Federal agents searched Baltimore City Hall and Mayor Catherine Pugh’s home among other sites amid fallout from lucrative children’s book deals she cut with businesses connected to the government she has run since 2016. Pugh took an indefinite leave of absence beginning April 1 attributed to health issues following criticism of the more than $700,000 she was paid for her self-published “Healthy Holly” book series. The book-deal revelations have led to calls from the city council and state lawmakers for Pugh’s resignation; an investigation by the state prosecutor; and to the firing of several of her aides. Investigators are scrutinizing Pugh’s deals with entities including Kaiser Permanente, which was awarded city contracts, and the University of Maryland Medical System, on whose board she sat for many years.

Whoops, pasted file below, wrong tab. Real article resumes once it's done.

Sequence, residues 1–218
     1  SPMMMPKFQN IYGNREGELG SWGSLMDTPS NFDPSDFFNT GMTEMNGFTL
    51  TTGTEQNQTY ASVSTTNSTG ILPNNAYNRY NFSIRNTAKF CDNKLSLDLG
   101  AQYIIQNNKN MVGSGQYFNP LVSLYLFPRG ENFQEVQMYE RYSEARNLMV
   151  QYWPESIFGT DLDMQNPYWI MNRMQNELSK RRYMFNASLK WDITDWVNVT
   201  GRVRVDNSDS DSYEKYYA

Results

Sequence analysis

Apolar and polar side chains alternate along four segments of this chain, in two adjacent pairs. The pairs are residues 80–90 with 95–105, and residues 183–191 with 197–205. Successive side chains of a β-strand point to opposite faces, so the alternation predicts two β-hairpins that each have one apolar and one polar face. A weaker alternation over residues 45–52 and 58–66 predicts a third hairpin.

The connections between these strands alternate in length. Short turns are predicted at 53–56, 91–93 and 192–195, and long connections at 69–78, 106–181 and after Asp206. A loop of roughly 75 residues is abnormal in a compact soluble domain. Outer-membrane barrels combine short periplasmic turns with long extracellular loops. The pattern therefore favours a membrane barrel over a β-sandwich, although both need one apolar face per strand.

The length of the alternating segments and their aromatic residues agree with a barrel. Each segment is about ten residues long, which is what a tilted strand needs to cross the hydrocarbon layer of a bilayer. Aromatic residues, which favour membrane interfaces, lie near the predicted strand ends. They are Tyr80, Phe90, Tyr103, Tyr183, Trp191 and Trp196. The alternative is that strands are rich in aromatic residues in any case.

Massachusetts – Amid ‘Slush Fund’ Criticism, Nearly All Legislative Caucuses Will Forgo Outside Donations
Boston Globe – Matt Stout | Published: 4/24/2019
All but one of the nearly two dozen caucuses formed by Massachusetts lawmakers say they will not solicit outside contributions, weeks after a new internal rule allowing legislative groups to raise private funds stirred controversy on Beacon Hill. The rule, which requires all caucuses to register with the House Committee on Rules, also bars lobbyists from donating and says caucuses must receive approval from House counsel before taking any gift of more than $50. The potential of taking donations outside of campaign finance disclosure laws drew intense heat, including criticisms it could create a legislative “slush fund.”
Minnesota – Minnesota Lawmakers, Lobbyists Describe Cautious Capitol in Wake of #MeToo
Minneapolis Star Tribune – Jessie Van Berkel | Published: 4/21/2019